Reporter's Notebook

The art and science of the interview

Stump the Chump

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I sometimes talk about the “dark art” aspects of journalism and interviewing.  This one is firmly rooted in the “How To’s” of discrediting an interviewee and making yourself sound smarter or more of an authority than you are.  Stump the Chump means asking questions, or pursuing lines of questioning that, on some occasions, are rhetorical and on other occasions, esoteric.  But both are intended to throw the interviewee way off their game.

How?  I have conducted interviews with people about to start a new job.  Since these people have worked very hard for this job, a listener might assume that they must have done all of their due diligence to learn about every aspect of it.  I mean, that is what the idea of “hitting the ground running” is all about.  An employer or a constituency wants to be confident that the person they have just put in this important position knows as much about it as the person about to leave it so there can be as little disruption as possible.

Journalists and interviewers can exploit this assumption to the extreme however by asking the interviewee questions purposely engineered to be outside of their knowledge.  For example, let’s say the interviewee will be part of a department that is responsible for an interactive system that updates the public on something or other.  If there have been changes to that system, or if it has been down for maintenance, a Stump the Chump question might be, “So, what can you tell me about XYZ system, and why has it been down so long?”  It’s possible that the interviewee will know about XYZ system, but it is much more likely that they don’t because they have been overly occupied in learning the broader aspects of the job; the direct responsibilities of their soon to be predecessor, the politics of the position, the specific day to day requirements, organizational structure and so forth.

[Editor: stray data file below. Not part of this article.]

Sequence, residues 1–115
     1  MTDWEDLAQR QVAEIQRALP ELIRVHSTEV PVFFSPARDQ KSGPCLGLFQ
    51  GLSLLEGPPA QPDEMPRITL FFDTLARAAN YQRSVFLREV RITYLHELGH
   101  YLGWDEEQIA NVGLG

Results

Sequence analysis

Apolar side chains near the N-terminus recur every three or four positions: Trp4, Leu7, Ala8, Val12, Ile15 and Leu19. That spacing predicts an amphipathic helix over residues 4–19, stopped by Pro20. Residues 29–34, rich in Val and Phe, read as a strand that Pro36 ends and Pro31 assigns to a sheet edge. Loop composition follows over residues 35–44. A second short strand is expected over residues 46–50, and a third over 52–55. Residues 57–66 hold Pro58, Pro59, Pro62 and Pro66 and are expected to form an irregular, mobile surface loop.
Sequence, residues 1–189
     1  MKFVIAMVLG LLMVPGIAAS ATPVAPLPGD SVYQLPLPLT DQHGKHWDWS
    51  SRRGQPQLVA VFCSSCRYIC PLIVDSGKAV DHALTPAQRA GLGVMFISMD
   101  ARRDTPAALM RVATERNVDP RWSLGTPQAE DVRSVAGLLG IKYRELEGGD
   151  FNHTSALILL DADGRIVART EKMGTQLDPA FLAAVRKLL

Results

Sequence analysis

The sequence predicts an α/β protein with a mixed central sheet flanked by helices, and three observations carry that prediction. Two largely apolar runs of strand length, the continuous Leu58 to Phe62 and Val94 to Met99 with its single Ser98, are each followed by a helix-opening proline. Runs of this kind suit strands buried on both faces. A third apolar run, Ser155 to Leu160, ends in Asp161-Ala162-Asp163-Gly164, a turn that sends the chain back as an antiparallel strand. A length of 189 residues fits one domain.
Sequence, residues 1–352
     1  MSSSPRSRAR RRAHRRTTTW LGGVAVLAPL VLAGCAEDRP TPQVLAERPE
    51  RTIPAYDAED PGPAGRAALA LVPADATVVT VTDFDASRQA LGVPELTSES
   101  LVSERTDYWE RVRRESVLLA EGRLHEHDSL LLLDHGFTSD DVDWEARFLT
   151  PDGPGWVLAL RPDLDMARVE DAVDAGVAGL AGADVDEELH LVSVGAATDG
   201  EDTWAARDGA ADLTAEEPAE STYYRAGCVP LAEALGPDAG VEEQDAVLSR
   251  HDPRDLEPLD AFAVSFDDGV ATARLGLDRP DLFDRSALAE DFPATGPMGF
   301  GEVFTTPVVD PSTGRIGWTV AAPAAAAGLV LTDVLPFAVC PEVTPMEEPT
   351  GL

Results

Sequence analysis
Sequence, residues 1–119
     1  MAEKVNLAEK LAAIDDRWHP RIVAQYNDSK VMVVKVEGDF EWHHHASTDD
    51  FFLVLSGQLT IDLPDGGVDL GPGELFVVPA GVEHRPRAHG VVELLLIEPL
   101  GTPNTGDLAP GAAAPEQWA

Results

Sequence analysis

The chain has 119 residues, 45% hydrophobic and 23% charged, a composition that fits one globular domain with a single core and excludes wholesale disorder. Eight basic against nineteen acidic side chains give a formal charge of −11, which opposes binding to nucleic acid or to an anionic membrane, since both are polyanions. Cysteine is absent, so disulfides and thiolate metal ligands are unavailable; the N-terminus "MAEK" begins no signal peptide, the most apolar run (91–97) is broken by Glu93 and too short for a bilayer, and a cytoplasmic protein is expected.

But a question that seems to be germane to their duties that they have difficulty answering can make them sound unsure at best and incompetent at worst.

A good interviewer spends at least hours, and probably days plotting a course through the interviewee’s experience with a list of questions.  With that kind of birds-eye view of the interviewee, a general knowledge of the job and an overall understanding of the culture as it relates to both, interviewers can cogently test an interviewee’s knowledge in a way the listener can relate to and evaluate.

But although journalists and interviewers are intelligent and savvy enough to discover and formulate legitimate questions that the interviewee considers expertly posed, they are not the experts they are interviewing.  Journalist and interviewers with the intention to embarrass interviewees can find themselves on thin ice if they pursue this tact.  And those experts can fight back against Stump the Chump questions.

The simplest way is to simply ask them to “explain” what they mean.  Unless the interviewer has relatively deep knowledge of the inner workings of the issue, they may find themselves stuck and unable to further explain their question.  A variation of this is if the interviewee reasks the interviewer’s question “for the purposes of clarity” in an equally complex way but from a different technical direction.  Since the interviewer may have only investigated one aspect of the problem, an interviewee that forces them to repose the question from another direction can shut down that line of questioning.

Another way the interviewee can avoid being cornered is to say something along the lines of “I don’t have an answer for that right now, but I would be glad to get back to you or one of your staff with an answer/solution before the end of the day”.  This is a good come back because it shows that although they don’t know,  they promise to find out.  This can give them credibility with listeners.

Most interviewers are professional, meaning, their intention is to not think for the listeners.  That can mean not trying to funnel or filter audience thinking through their own by way of questions that emphasize one aspect of the interviewee or denigrating others aspects.  A professional interviewer asks open, honest, straightforward questions with no subtext on the assumption that the audience is intelligent and can come to their own opinions about the interviewee, their experience and qualifications for the position.  Stump the Chump questions are asked by amateurs who lack confidence or so-called professionals with an agenda.

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Written by Interviewer

January 21, 2014 at 06:57

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